The Future of the U.S. Military Rests on Innovative Leadership

An Army Captain advocates for a rethinking of the way the U.S. military trains and promotes its leaders. He vouches for flexible planning, adaptive learning, and a stronger meritocracy.

In a guest post over at Tom Ricks' National Defense blog at ForeignPolicy.com, Captain Justin J. Belford of the U.S. Army proposes a new step forward for how the military should prioritize leadership selection. Belford, an active duty company commander, advocates for a more innovative and adaptive brand of leaders and explains how an investment in better leadership is really an investment in the future of the U.S. military.


Belford, who writes with a soldierly concision and conviction, details his ideas at the outset of the piece:

"The idea of flexible planning that incorporates learning is an important concept, and is a break from the predictable doctrine of the past. But in order for it to work, today's military must identify talented leaders, properly incentivize them, and provide them with the resources they need to drive change. Additionally, I would argue that Western militaries must break from the established idea that time equals rank, and focus on promoting its leaders based on their talent and initiative."

What's interesting here is that Capt. Belford vouches for a similar change in pedagogy as folks like Dr. Madhav Chavan, whose focus is educating young children rather than soldiers. The common refrain is that institutions should strive to instill in their pupils the abilities to adapt, problem-solve, and learn from experience. With how technology has shifted operating procedures for industries ranging from charter schools to the U.S Army, the traditional manner of learning via memorization doesn't quite cut it. The modern world, whether it be in the classroom or on the battlefield, is far too dynamic to rely on the same old by-the-book training.

For more from Capt. Belford (his piece is well worth a read), check out the link below.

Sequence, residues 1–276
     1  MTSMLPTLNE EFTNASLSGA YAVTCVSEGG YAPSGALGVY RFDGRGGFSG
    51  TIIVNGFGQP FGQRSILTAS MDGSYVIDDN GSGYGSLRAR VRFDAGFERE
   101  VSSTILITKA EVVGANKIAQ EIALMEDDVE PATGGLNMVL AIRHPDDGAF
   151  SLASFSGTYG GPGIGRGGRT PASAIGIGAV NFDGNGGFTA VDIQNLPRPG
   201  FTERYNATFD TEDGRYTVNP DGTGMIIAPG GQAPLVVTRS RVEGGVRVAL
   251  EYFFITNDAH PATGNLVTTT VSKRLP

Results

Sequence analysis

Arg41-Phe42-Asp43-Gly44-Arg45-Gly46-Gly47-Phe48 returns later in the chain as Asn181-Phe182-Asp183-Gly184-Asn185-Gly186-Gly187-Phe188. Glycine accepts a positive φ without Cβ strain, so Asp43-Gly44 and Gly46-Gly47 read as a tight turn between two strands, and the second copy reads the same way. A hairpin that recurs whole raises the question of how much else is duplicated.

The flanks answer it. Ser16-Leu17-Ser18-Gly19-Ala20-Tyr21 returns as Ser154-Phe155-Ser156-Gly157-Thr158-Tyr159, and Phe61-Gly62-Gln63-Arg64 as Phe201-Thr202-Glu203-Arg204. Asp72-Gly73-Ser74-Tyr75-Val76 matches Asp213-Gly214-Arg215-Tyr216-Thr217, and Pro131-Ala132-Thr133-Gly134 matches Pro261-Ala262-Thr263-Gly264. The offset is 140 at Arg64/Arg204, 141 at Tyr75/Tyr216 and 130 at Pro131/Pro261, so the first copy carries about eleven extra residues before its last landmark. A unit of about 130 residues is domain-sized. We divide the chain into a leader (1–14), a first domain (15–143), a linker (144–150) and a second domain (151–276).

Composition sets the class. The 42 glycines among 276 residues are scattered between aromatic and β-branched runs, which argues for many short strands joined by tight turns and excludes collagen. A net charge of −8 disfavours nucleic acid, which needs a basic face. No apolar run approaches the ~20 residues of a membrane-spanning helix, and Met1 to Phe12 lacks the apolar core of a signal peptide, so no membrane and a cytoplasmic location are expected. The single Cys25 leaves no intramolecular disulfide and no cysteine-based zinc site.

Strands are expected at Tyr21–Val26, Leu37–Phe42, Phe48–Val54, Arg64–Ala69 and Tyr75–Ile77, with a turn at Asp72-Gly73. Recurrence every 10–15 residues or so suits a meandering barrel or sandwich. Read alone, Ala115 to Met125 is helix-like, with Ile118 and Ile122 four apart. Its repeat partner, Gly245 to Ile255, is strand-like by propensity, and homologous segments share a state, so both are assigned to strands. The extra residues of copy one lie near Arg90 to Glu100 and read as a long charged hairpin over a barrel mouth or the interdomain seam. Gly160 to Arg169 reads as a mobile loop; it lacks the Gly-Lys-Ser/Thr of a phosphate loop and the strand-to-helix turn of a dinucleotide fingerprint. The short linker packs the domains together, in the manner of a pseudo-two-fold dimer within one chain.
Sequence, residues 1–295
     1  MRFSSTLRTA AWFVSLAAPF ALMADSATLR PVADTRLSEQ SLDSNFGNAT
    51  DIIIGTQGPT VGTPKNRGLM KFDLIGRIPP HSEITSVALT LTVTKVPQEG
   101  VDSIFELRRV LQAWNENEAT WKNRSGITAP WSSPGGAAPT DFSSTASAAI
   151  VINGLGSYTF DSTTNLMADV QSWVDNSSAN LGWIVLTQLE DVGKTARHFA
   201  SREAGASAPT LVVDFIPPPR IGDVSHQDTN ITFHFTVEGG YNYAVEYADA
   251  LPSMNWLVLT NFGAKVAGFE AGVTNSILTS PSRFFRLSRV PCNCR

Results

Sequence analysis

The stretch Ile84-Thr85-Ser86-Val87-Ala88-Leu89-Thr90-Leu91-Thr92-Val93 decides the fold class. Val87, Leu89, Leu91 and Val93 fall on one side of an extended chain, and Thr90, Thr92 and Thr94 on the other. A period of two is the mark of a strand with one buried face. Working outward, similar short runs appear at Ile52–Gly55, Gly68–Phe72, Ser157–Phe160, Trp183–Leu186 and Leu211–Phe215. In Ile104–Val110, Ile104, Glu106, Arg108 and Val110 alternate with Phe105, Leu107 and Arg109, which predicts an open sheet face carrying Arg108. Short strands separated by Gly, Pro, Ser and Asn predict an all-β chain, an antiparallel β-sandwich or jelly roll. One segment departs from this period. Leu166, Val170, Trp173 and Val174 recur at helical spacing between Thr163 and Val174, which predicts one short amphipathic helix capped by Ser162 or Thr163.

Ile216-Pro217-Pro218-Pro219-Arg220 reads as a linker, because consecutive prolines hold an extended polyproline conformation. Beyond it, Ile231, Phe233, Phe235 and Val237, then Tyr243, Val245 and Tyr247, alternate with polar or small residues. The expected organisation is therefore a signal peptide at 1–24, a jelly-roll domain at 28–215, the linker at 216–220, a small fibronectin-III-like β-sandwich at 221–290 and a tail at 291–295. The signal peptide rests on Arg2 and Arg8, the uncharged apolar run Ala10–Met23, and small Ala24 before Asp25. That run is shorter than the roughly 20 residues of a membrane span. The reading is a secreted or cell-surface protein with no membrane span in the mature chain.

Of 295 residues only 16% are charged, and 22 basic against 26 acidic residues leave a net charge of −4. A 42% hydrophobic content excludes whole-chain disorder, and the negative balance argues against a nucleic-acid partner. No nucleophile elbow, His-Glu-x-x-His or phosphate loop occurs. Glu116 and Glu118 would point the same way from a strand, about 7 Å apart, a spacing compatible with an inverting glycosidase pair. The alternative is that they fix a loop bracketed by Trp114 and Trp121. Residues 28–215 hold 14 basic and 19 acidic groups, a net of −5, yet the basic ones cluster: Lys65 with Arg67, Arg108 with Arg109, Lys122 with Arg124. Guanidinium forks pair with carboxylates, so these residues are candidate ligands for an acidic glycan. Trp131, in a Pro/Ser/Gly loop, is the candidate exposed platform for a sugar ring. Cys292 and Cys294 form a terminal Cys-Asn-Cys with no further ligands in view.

Read more at ForeignPolicy.com

Photo credit: Monkey Business Studios / Shutterstock

Technology & Innovation
  • 3.1 million individuals could lose their job to self-driving cars.
  • But A.I. is not a monolith: it makes a lot of mistakes.
  • To better understand how to navigate our economic future, we should pay attention to these mistakes.
Keep reading Show less

Russian reporters discover 101 'tortured' whales jammed in offshore pens

Protected animals are feared to be headed for the black market.

(VL.ru)
Politics & Current Affairs
  • Russian news network discovers 101 black-market whales.
  • Orcas and belugas are seen crammed into tiny pens.
  • Marine parks continue to create a high-price demand for illegal captures.
Keep reading Show less

NYTimes exposé reveals how Facebook handled scandals

Delay, deny and deflect were the strategies Facebook has used to navigate scandals it's faced in recent years, according to the New York Times.

(Photo by Chip Somodevilla/Getty Images)
Politics & Current Affairs
  • The exhaustive report is based on interviews with more than 50 people with ties to the company.
  • It outlines how senior executives misled the public and lawmakers in regards to what it had discovered about privacy breaches and Russian interference in U.S. politics.
  • On Thursday, Facebook cut ties with one of the companies, Definers Public Relations, listed in the report.
Keep reading Show less